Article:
Scriv, Obama has actually been down here for his photo-op, sleeves rolled up, presser with the Gulf as the backdrop. I don't put a lot of stock in those things, but I do think he comforted some people. In any case, it's been done. As for his actual handling of it, I really don't know what he could have done different. Not a defense of Obama, I'm just claiming ignorance. Perhaps there was something, perhaps there wasn't. At least woth Katrina, you can monitor the thing well in advance of it hitting. No warning for this explosion. Could more have been done at the onset of the leak? Perhaps, but I don't really know.

Posted by: DDAWD | May 26, 2010 10:52 AM | Report abuse

"Griff Harsh V was a member of Princeton's class of 2008 (among the first classes eligible to live in Whitman College, which his mother donated $30M to build) until mysterious circumstances and a disciplinary hearing forced him to withdraw. Perhaps the infraction had something to do with Griff's documented pigheadedness when he drinks? Quoth campus rag The Nassau Weekly:

Overheard at Charter [eating club]

Griff Harsh (Meg Whitman's son) throws beer in Guy's face.
Guy: You can't do that to people.
Griff Harsh (points at himself): Billionaire."

Posted by: drindl | May 26, 2010 10:50 AM | Report abuse

6. Steve Pearlstein's devastating column on deregulation.

He was pretty good on C-SPAN this morning. There's no free lunch boys and girls and you're not just getting your money back in retirement.

Posted by: JakeD3 | May 26, 2010 10:46 AM | Report abuse

hey shrink -- turns out the sons are spoiled rotten, badly behaving white trash:

"Meg Whitman's sons, Griff and Will Harsh, have been kicked out of prep schools, an eating club, dormitories, and Princeton's class of 2008, say people who know them. One incident involving the n-word is already internet famous.

Yesterday we documented big brother Griff's beer-throwing and sheltered ways. Today, a glimpse at Will Harsh's little brother blues—and how he compensated with white entitlement, according to a tipster/commenter and classmate:

Griff's non-refundable membership to Cottage [eating club] was paid in full when he got suspended. So some of the officers would let Will attend some meals and formals events in his brother's place until Will got banned from there.

The story goes that Will yelled "what are all these n*ggers doing here" one night when all the members of the Black Arts Company where there to celebrate a show they had performed. Cottage is know as one of the whiter clubs on campus so I assume that he was shocked to see so many black people there in a night. He was already on notice with Cottage officers because of an altercation he started with a bouncer early in the year."

Posted by: drindl | May 26, 2010 10:45 AM | Report abuse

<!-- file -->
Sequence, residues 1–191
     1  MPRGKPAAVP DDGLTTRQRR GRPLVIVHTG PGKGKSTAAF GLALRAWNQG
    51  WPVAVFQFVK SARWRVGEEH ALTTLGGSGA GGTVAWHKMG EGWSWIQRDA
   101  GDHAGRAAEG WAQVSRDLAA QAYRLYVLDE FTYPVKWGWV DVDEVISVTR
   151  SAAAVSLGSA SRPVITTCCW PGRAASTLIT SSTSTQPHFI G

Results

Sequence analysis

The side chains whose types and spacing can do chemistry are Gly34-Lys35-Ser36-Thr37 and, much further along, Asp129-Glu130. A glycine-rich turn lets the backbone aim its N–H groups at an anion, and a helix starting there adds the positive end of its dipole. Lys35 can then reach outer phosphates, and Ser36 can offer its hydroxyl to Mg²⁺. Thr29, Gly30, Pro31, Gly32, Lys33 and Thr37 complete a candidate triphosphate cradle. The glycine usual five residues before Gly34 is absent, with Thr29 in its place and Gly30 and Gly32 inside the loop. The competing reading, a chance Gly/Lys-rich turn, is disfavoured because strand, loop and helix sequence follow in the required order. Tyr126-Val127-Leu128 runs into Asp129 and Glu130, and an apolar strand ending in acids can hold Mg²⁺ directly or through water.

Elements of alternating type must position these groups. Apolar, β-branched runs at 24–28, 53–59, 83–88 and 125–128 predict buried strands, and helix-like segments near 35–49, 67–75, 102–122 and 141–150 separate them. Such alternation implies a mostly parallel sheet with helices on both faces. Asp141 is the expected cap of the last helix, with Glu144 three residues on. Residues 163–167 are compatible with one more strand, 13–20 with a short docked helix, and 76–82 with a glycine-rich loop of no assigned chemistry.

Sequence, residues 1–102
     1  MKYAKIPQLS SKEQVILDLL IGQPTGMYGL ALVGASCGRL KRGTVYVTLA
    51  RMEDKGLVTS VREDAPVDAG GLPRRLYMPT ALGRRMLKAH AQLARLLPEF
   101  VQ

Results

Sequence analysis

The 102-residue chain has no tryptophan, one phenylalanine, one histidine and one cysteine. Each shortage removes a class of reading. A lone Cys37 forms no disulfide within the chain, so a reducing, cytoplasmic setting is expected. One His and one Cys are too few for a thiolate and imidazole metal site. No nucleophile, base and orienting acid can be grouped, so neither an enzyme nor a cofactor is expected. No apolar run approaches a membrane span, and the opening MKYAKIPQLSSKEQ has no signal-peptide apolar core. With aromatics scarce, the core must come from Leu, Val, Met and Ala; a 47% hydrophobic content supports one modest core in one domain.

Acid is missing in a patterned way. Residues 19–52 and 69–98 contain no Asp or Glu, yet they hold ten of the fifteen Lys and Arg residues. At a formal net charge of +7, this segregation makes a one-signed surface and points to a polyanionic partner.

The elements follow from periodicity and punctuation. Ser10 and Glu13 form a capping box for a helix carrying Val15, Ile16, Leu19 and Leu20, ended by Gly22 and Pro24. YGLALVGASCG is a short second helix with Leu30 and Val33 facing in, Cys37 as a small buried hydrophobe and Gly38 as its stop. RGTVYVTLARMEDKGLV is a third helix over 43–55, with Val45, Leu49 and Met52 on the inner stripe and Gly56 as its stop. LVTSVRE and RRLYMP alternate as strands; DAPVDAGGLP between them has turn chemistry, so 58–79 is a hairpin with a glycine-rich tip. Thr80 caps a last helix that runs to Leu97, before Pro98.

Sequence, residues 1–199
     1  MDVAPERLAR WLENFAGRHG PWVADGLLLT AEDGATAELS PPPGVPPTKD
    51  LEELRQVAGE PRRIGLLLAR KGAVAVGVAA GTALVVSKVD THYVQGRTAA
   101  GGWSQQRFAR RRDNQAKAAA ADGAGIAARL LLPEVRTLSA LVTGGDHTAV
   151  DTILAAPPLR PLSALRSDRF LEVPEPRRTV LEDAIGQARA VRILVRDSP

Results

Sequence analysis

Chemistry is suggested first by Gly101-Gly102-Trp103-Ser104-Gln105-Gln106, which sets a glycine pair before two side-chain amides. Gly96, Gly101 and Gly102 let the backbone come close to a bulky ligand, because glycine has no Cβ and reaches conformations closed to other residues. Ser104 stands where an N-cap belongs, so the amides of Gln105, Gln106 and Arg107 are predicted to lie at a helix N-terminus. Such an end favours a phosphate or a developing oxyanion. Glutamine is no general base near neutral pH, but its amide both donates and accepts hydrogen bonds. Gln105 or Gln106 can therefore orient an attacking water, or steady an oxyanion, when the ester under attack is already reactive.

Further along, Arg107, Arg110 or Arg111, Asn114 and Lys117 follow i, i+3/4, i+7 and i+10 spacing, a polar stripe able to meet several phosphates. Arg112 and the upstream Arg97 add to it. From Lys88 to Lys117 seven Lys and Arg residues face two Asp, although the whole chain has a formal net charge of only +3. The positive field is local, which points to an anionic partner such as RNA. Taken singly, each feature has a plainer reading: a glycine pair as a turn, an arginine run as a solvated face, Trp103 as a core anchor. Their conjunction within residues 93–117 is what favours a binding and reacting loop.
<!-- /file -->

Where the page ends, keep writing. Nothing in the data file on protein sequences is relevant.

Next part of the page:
"rotten values in that family"

jeff, pray tell, dish the dirt, we're all eyes...

Posted by: shrink2 | May 26, 2010 10:33 AM | Report abuse

Meg Whitman can buy everything except common sense, decency, a personality and any clue how to run a campaign or a state.

Posted by: drindl | May 26, 2010 10:22 AM | Report abuse

Anyone who has ever come into contact with Whitman's sons understands that there are some rotten values in that family.

Posted by: jeffwacker | May 26, 2010 10:17 AM | Report abuse

I agree with scrivener, listening to Lisa Jackson talking to NPR/ATC yesterday made me feel ill. Spin, blame circle talking points, defensive was awful. She gave no indication of competence, signaled no compassion, she just does not get it.

Posted by: shrink2 | May 26, 2010 10:11 AM | Report abuse

Letfreedomring, yes Arnold failed and Meg or Jerry will too. The State of California is fundamentally unsound. No one expects to pay (work) for what they expect to get. The economy depends upon those who will, illegal labor and so the underground economy problem rivals those of the so called "developing" countries. In time, there will be a few rich people and an enormous mass of poor.

Posted by: shrink2 | May 26, 2010 10:05 AM | Report abuse

Meg Whitman is riding to the rescue of the most dysfunctional basket case of a State in the Union. They are lucky to have this brilliant woman as a candidate. The progressives have killed California and driven jobs out and spent them into a budget disaster. Arnold tried and failed to herd the cats. Meg will need help in the legislature there. Democrats lead in registration but their frustration and virtually the highest unemployment and taxes in the country could finally give Meg a victory. The families of California better include her in their prayers at night.

Posted by: LETFREEDOMRING2 | May 26, 2010 9:53 AM | Report abuse


Not to beat a dead horse, but it's like rushing to a friend's side when he/she's suddenly traumatized and in need of comfort. Obama should clear the decks, head down to the Gulf TODAY, and do his press briefing down there, with the local AND national media. The local press would appreciate the attention, and Obama would be showing some compassion instead of a peculiar, detached aloofness.

And, God forbid, if this "top kill" makes matters worse, at least he'll be on the scene to give the impression that he's finally taking charge... OR